The Third Sector or Business as Usual?
Money Making Change Retreat

Choosing Democracy Consciously

"Existential choice," that phrase in Paris after the WWII had meaning, as people thought back to the Occupation and how they had handled themselves as bystanders, soldiers, collaborators, resistance fighters. The question was, "Do we make decisions that stem from our character? Or, do we create ourselves, our character and our identity, through the life determining choices we make?" Sartre said that our choices, even if made unthinkingly, even if made in bad faith, determine who we are. We might say then that philanthropic consulting at its highest works with a donor, or donor family, not only to express character, values and identity, but to forge same in the heat of public action. I see the work of H. Peter Karoff in this light.

But there is more, as the political element in the discussion above suggests. The most important choices for a society are not individual. Will Paris resist? Will my editor resist or cave? Will my neighbors support me or turn me in? Can I assume that the walls have ears? Will I be taken off the street and tortured? Will I betray my friends? Group choice largely trumps personal choice. The choices we have as a society and a nation go beyond choices of brands, parties, or personal paths through a maze set up by those above us. We have a collective choice about what we as a nation are becoming. Sleepwalkers or a free people? That for example and the choice of whether to constrain ourselves and govern ourselves for a sustainable future. That for example. Likewise we have choices around the rule of law, transparency of government, wiretapping, torture, martial law, detention centers, propaganda, think tanks, punditry, regulation/deregulation, and the concentration of power in the hands of the few. To accept these as given is a personal choice. To change the decision matrix within which personal choices are made can only be a collective choice, a choice offered by no party or candidate you could find in the voting booth. The world we want is not sold in stores.  The world we want is not on the ballot in any given November.  We cannot create it one by one, only when many act in concert.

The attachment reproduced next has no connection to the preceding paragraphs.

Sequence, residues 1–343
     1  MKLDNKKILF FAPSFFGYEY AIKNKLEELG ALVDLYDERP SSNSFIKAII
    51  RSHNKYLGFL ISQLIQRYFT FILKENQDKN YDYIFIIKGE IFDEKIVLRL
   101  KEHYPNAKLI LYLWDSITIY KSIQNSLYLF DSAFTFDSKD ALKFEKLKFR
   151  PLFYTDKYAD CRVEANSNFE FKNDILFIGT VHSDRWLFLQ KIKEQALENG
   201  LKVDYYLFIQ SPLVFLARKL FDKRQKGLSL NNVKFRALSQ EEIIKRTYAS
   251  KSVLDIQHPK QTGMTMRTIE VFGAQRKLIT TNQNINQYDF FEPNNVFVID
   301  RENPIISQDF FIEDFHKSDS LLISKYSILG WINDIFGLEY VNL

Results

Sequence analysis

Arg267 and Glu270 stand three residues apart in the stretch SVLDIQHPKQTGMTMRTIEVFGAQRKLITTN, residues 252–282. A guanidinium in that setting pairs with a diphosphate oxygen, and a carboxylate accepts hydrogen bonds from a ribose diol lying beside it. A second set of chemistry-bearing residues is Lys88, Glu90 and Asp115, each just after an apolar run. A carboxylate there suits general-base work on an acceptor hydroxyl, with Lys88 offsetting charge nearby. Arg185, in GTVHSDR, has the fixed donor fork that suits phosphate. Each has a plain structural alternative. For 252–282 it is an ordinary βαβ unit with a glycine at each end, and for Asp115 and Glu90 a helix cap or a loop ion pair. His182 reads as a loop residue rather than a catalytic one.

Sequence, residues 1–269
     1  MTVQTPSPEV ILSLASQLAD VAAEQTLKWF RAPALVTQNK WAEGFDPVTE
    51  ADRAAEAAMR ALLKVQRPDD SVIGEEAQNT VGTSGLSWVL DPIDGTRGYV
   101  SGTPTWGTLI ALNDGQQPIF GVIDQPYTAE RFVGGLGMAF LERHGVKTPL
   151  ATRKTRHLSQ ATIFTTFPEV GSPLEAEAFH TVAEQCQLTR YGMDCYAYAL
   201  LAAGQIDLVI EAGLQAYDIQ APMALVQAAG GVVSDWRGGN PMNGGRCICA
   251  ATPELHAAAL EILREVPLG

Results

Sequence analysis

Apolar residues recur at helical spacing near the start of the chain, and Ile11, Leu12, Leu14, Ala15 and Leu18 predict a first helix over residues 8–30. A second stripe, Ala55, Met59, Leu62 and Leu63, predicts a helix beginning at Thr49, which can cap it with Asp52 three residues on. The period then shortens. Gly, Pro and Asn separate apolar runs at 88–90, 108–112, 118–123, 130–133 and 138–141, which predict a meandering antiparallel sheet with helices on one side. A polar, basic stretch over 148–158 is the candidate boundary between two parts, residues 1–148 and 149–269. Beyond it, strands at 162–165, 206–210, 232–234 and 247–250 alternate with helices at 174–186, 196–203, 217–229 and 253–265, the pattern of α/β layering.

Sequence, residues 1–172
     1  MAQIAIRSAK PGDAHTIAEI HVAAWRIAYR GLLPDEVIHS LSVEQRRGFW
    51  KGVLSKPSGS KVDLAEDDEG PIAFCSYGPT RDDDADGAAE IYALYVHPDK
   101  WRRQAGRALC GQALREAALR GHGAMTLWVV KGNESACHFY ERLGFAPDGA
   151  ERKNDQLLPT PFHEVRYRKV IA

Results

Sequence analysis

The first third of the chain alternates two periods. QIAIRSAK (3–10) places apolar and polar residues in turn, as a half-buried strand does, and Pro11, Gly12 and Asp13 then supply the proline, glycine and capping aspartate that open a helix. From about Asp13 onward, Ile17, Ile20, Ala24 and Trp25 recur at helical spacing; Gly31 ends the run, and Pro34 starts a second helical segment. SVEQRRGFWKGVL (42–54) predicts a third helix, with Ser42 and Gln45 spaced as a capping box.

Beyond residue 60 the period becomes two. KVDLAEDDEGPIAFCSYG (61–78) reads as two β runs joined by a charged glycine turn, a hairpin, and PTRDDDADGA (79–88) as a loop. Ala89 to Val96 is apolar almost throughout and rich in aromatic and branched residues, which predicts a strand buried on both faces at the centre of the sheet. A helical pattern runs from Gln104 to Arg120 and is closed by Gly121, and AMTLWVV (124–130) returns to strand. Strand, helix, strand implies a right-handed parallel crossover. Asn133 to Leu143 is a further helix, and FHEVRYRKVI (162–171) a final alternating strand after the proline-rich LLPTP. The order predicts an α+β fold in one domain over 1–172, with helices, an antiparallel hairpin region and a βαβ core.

We can make collective choice as cows do, turning their hindquarters to face the wind, or as birds or schools of fish do, taking their cue from one another in flocks. We can make decisions as consumers do, responding to brand signals, and the smiling faces in the ads, or as party members do, mouthing the sound-bites and the slogans.  We can respond to which end is up, as defined by those above in a position to reward or punish. Or, we can come to consciousness through philosophy, the arts, history, reliable news, and small group conversation in which we winnow the good from the bad, the true from the false, and art from spin.

Are we talking political theory? Philanthropy? Grassroots organizing? Media reform? The arts? Blogging as consciousness raising? Game theory? The theory and practice of  eloquence? Heroism? Reform of the operating systems of capitalism? I want to say for better or worse that at Gifthub we are talking about all this as one conversation. We are talking about each of us personally and we collectively snapping out of our fog and becoming conscious of where we are in history, finding shared stories and language, creating rallying points, and once again taking responsibility for the fate of our society and the earth. Philanthropy as currently practiced may be a small part of it, but love of humankind, the root meaning of philanthropy, is of the essence.  I am going to ask my boss and distinguished patron, Candidia Cruikshanks, if it is ok to be a citizen. You wait here. I will be right back and  tell you what she says.   

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